Thursday, April 13, 2006

Iran, Iraq, and Korea

Just read some of the article in the New Yorker about the US government (and Bush, specifically) wanting to do something about Iran, and how they are in the preliminary stages of invasion. The knee-jerk reaction here is to say “Oh boy, here we go again.” With the horrible aftermath in Iraq, it’s an understandable feeling to have.

But as I read the article it hit me that Iran is much more scary to me than Iraq ever was. To be more precise, the Iranian president is scarier than Hussein ever was. He seems to have a bit of a Napoleon complex going and, along with the comments he’s made, makes me a little nervous.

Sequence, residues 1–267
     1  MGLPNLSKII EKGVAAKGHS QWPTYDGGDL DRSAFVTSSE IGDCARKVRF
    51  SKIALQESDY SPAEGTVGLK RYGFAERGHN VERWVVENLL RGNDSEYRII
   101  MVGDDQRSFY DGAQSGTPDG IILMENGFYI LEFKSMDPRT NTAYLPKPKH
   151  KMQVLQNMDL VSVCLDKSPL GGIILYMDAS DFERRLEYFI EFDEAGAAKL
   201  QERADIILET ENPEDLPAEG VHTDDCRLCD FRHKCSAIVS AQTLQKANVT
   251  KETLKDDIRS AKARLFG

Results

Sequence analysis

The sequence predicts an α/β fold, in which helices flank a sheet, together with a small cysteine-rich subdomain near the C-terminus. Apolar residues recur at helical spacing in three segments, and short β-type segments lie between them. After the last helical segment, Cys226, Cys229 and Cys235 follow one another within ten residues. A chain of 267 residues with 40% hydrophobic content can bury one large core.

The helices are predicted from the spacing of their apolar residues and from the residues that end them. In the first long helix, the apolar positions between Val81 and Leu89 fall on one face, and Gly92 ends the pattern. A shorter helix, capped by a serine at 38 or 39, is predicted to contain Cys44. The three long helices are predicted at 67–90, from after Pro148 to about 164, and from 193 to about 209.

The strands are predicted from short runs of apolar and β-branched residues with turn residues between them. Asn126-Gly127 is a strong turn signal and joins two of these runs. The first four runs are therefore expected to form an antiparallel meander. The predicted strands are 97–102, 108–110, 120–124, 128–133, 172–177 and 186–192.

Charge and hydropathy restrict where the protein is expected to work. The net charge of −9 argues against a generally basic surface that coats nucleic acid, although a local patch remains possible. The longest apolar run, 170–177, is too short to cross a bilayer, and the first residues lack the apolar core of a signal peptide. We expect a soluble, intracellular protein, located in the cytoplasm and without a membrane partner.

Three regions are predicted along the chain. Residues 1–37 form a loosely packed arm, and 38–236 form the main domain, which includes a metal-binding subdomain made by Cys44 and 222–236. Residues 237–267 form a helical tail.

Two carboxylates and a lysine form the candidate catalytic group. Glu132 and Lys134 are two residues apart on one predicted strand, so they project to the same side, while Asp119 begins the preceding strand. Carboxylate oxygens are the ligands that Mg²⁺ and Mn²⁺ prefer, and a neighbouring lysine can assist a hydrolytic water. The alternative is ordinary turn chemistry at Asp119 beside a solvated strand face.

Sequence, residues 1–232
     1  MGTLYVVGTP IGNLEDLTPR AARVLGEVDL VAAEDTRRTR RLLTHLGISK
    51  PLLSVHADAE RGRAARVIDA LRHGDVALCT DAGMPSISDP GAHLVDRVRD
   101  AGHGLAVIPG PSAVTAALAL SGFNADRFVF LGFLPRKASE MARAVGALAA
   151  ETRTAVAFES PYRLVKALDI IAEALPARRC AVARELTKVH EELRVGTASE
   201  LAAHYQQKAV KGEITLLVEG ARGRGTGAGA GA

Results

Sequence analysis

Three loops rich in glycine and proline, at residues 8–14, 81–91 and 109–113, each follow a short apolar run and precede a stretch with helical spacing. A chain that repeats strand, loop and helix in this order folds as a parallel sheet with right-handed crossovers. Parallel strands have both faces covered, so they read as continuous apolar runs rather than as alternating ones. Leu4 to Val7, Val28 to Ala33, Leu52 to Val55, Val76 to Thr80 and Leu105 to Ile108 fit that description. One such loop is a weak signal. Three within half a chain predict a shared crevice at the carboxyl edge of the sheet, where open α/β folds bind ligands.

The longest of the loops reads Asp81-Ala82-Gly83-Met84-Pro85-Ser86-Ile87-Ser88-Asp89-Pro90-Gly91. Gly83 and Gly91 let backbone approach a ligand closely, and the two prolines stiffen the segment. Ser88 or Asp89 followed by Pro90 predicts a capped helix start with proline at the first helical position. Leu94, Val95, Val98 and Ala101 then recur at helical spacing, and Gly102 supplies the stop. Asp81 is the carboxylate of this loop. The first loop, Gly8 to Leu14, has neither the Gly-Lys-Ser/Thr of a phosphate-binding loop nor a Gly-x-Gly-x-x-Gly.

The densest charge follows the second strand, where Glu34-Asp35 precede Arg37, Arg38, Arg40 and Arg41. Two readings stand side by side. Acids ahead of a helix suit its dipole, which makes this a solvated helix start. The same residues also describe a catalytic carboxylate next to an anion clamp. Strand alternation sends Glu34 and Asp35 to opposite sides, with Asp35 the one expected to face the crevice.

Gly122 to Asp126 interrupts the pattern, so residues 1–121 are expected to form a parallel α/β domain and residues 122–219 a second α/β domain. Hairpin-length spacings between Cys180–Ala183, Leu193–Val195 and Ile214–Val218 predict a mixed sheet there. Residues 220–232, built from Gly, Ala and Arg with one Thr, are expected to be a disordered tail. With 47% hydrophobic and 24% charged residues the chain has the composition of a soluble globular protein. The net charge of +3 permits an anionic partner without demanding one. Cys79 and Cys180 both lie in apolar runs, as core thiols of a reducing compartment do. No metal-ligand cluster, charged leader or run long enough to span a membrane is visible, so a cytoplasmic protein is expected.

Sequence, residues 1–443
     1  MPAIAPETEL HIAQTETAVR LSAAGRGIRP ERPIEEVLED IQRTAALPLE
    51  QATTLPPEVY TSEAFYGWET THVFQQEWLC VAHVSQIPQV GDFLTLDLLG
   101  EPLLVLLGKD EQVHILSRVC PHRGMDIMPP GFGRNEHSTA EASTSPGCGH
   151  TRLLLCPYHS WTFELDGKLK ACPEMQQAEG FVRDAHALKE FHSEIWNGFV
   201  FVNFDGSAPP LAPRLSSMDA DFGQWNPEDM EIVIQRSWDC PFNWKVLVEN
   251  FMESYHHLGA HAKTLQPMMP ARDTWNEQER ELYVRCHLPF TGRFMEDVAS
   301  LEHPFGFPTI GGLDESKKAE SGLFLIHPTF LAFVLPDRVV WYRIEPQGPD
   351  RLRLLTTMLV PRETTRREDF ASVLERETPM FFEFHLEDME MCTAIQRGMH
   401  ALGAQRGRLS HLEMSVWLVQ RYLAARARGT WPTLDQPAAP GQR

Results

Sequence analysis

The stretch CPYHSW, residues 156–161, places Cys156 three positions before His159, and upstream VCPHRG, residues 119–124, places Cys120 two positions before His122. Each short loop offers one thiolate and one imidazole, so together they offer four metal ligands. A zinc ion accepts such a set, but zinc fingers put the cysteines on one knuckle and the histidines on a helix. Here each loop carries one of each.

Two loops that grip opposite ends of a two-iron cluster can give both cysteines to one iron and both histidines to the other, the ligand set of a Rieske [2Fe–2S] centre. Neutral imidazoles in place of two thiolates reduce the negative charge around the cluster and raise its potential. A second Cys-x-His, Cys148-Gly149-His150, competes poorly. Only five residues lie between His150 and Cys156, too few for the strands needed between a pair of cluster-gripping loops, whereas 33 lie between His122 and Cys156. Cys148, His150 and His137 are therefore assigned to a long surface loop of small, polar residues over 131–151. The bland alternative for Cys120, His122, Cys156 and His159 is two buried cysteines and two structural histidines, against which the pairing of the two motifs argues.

Not that think we should go into Iran or anything, but guys like him and Kim Jong-il (KJ) in Korea are legitimate, scary guys. I always brought that up during the invasion of Iraq: we are going after a guy who is backing down, saying he doesn’t have anything, when the evidence was showing (and did show) that he didn’t have any WMDs. This was all going on while KJ was yelling at the top of his lungs how the US wouldn’t dare attack him and how he intended to go nuclear on his own.

It was always kind of a weird sensation: why go after this guy when the other guy is yelling and screaming that he’s going to get us?

And, even more importantly, the question that is getting some but not enough press and should really be at the forefront of all these discussions: what can be done to fix the underlying issues that have so many of these guys yelling and screaming that they’re going to come and get us?


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